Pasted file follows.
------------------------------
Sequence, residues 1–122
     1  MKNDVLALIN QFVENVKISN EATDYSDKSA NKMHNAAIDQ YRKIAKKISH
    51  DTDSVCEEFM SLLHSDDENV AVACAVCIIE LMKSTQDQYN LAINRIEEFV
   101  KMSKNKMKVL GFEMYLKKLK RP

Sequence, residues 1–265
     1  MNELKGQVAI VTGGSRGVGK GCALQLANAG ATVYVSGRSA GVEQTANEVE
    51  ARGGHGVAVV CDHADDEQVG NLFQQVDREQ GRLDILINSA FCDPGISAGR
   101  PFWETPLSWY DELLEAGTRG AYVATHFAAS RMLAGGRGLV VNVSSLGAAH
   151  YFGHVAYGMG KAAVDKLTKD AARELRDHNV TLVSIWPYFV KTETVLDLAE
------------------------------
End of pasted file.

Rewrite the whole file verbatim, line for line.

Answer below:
Sequence, residues 1–122
     1  MKNDVLALIN QFVENVKISN EATDYSDKSA NKMHNAAIDQ YRKIAKKISH
    51  DTDSVCEEFM SLLHSDDENV AVACAVCIIE LMKSTQDQYN LAINRIEEFV
   101  KMSKNKMKVL GFEMYLKKLK RP

Sequence, residues 1–265
     1  MNELKGQVAI VTGGSRGVGK GCALQLANAG ATVYVSGRSA GVEQTANEVE
    51  ARGGHGVAVV CDHADDEQVG NLFQQVDREQ GRLDILINSA FCDPGISAGR
   101  PFWETPLSWY DELLEAGTRG AYVATHFAAS RMLAGGRGLV VNVSSLGAAH
   151  YFGHVAYGMG KAAVDKLTKD AARELRDHNV TLVSIWPYFV KTETVLDLAE